CVE count set to rise by 25% in 2024

The report from Coalition indicates an anticipated 25% rise in the total count of published common vulnerabilities and exposures (CVEs) for 2024, reaching 34,888 vulnerabilities, equivalent to approximately 2,900 per month.

CVE count 2024

Sharp CVE increase heightens software vulnerability concerns

Vulnerabilities are one of the top three vectors ransomware actors use to compromise victims, making it essential to understand their impact. Vulnerabilities are primarily tracked as CVEs, although some may have an incorrect or nonexistent CVE identifier.

The sharp spike in CVEs has led to an increased focus on identifying vulnerable software from both threat actors seeking a means of ingress and defenders trying to protect against exploitation.

The number of vulnerabilities continues to grow exponentially, with thousands announced each month. Unfortunately, businesses tend to optimize for growth, not cyber risk management, and many security and IT teams are stretched thin.

“New vulnerabilities are published at a rapid rate and growing. With an influx of new vulnerabilities, often sprouting via disparate flagging systems, the cyber risk ecosystem is hard to track. Most organizations are experiencing alert fatigue and confusion about what to patch first to limit their overall exposure and risk,” commented Coalition’s Head of Research, Tiago Henriques.

“In today’s cybersecurity climate, organizations can’t be expected to manage all of the vulnerabilities on their own; they need someone to manage these security concerns and help them prioritize remediation,” Henriques continued.

Zero-day vulnerabilities have received significant attention over the last year, but the Citrix Bleed vulnerability reminds us that many threat actors still build exploits for vulnerabilities where the vendor has already issued a patch.

Published CVEs lack timely scoring, leaving defenders vulnerable to exploits

Defenders need a timely, objective method for scoring vulnerabilities. In many cases, exploits are already available to threat actors before a CVE is published, which means threat actors often have a head start on defenders.

For a significant minority, exploits became publicly available before the CVE was published. An even higher fraction had exploits privately available before publication.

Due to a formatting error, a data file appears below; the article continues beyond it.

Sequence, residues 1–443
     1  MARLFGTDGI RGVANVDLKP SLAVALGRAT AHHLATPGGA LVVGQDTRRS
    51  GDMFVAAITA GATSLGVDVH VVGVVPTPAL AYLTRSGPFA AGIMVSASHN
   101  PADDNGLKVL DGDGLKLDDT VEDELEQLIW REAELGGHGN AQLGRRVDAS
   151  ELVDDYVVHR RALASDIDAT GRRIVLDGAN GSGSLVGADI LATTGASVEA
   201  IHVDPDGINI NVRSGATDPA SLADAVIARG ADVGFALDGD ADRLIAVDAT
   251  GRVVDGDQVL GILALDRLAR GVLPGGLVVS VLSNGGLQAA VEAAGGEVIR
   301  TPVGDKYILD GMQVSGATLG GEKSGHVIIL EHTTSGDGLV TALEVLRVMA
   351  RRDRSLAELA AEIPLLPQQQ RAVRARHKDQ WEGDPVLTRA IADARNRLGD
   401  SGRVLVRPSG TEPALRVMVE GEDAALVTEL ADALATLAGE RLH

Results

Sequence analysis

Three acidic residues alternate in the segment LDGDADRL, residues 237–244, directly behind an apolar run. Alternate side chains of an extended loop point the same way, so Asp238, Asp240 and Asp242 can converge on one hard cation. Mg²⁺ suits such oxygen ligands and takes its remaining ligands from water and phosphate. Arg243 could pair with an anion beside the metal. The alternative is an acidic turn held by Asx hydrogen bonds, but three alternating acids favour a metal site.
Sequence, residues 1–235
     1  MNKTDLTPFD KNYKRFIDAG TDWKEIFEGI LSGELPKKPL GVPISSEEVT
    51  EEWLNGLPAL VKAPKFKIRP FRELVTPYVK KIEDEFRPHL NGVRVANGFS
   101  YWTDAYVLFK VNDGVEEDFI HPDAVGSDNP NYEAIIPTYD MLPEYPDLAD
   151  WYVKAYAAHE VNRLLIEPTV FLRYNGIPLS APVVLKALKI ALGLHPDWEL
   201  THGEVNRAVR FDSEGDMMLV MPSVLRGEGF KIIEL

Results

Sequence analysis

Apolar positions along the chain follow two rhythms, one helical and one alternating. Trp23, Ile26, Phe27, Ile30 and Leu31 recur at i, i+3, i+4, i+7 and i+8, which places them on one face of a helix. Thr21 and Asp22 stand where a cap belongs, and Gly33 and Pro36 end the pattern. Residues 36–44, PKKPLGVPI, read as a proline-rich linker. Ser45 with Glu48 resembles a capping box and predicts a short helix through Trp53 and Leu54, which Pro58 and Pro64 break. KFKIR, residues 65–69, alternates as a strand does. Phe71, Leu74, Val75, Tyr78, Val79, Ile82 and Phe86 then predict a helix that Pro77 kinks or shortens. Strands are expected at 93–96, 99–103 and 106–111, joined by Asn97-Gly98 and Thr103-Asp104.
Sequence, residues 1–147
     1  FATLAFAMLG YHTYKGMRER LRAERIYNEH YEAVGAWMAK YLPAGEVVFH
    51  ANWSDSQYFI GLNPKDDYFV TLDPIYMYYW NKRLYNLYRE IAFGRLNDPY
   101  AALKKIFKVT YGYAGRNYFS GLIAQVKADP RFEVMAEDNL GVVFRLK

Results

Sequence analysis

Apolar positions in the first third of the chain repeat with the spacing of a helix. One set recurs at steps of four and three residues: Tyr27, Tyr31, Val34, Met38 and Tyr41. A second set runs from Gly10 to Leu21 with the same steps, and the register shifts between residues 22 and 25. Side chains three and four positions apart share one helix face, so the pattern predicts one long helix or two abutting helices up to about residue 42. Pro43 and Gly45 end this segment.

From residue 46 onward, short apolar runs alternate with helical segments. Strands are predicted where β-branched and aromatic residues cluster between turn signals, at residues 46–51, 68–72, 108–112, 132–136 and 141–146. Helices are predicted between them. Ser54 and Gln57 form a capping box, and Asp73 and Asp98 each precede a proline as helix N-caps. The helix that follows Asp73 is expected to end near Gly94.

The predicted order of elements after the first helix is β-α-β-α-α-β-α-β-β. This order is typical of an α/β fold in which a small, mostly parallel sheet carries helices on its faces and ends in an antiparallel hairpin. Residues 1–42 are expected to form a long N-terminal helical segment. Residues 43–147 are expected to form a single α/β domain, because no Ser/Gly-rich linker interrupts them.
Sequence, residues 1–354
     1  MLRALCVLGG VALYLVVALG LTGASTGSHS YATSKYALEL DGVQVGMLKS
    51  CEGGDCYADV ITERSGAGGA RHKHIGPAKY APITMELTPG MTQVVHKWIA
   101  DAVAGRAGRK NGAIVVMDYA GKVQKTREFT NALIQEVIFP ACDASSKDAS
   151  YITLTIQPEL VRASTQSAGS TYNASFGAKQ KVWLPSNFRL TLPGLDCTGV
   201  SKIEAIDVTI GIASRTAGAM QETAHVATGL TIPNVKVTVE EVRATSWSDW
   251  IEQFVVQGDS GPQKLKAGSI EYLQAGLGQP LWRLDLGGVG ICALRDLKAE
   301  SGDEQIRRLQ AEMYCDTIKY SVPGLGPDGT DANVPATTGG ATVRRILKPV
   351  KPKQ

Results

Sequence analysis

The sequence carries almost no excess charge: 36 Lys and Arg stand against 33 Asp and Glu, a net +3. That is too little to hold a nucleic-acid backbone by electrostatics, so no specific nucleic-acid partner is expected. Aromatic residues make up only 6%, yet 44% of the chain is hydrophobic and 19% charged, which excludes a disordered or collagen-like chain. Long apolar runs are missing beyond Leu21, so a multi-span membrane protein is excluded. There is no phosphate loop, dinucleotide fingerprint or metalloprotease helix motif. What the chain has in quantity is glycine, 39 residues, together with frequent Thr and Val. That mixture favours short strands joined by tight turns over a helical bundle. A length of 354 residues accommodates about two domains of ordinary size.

The delay in CVE scoring often means that defenders face two uphill battles regarding vulnerability management. First, they need a prioritization method to determine which of the thousands of CVEs published each month they should patch first. Second, they must patch these CVEs before a threat actor leverages them to target their organization.

Honeypot data

Unique IP addresses scanning for remote desktop protocol (RDP) increased by 59%. This is particularly concerning because Coalition data also reveals that businesses with RDP exposed to the internet are the most likely to experience a ransomware event.

Scans found that around 10,000 businesses are running the end-of-life (EOL) database Microsoft SQL Server 2000, and over 100,000 businesses are running EOL Microsoft SQL servers.

While honeypots provide a wealth of information on threat actor behavior, they also create a great deal of noise. One of the core problems with identifying the needle in the haystack of honeypot data is the volume of benign traffic, which makes determining malicious traffic challenging. Honeypot (sensor) activity spiked by 1,000% 16 days before Progress Software issued its MOVEit security advisory.

“MDR can reduce attack response time by 50% or more – a massive impact to help protect businesses from cyber threats,” said John Roberts, GM, Security, at Coalition.

“We’re at the point where just setting and forgetting a technology solution is not enough anymore, and experts need to be involved in vulnerability and risk management. With MDR, after technology detects suspicious activity, human experts can intervene in numerous ways, including isolating impacted machines or revoking privileges,” Roberts concluded.

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